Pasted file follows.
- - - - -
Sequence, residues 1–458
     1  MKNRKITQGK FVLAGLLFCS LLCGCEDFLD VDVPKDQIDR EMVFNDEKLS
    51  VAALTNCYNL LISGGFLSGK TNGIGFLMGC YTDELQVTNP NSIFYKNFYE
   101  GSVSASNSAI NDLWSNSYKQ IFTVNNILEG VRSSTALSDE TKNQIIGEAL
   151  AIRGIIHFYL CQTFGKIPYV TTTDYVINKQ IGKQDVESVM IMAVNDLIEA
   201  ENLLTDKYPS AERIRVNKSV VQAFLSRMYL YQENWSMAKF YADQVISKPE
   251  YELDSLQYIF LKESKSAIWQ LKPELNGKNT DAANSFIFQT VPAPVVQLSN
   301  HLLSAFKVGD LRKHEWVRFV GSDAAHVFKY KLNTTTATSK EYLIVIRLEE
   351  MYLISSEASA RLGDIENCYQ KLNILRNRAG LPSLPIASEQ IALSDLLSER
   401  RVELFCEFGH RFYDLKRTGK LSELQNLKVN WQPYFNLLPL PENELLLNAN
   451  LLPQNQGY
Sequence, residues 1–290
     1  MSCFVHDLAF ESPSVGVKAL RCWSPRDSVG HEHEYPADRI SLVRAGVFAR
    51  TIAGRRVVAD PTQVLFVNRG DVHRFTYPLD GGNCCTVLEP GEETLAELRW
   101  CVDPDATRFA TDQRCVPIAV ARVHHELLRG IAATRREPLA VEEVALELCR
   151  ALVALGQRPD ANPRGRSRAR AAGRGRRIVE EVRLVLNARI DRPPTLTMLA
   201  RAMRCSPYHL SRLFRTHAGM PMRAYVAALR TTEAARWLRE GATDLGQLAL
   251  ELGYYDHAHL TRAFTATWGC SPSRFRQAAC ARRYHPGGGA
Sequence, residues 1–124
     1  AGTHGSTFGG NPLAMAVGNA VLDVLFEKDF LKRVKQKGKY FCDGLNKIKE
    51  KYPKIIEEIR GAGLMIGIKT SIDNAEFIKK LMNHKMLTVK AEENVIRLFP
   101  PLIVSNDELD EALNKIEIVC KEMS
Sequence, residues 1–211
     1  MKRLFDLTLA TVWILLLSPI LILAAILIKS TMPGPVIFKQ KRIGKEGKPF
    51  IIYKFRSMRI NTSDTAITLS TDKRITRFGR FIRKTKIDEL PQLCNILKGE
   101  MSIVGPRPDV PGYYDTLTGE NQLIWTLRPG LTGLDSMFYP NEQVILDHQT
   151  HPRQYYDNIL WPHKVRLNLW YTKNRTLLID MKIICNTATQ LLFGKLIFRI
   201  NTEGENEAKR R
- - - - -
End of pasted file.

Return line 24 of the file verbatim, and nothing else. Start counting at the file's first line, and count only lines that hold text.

     1  MKRLFDLTLA TVWILLLSPI LILAAILIKS TMPGPVIFKQ KRIGKEGKPF